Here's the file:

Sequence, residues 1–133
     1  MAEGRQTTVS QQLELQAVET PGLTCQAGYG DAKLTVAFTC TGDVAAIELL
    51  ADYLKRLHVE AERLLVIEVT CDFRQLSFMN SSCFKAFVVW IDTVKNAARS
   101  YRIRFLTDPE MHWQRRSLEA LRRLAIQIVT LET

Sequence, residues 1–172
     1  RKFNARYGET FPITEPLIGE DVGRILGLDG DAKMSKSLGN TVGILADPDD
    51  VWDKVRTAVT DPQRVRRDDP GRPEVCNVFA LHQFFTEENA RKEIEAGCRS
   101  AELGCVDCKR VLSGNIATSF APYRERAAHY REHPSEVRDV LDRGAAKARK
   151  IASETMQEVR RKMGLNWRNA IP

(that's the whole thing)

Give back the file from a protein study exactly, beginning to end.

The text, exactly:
Sequence, residues 1–133
     1  MAEGRQTTVS QQLELQAVET PGLTCQAGYG DAKLTVAFTC TGDVAAIELL
    51  ADYLKRLHVE AERLLVIEVT CDFRQLSFMN SSCFKAFVVW IDTVKNAARS
   101  YRIRFLTDPE MHWQRRSLEA LRRLAIQIVT LET

Sequence, residues 1–172
     1  RKFNARYGET FPITEPLIGE DVGRILGLDG DAKMSKSLGN TVGILADPDD
    51  VWDKVRTAVT DPQRVRRDDP GRPEVCNVFA LHQFFTEENA RKEIEAGCRS
   101  AELGCVDCKR VLSGNIATSF APYRERAAHY REHPSEVRDV LDRGAAKARK
   151  IASETMQEVR RKMGLNWRNA IP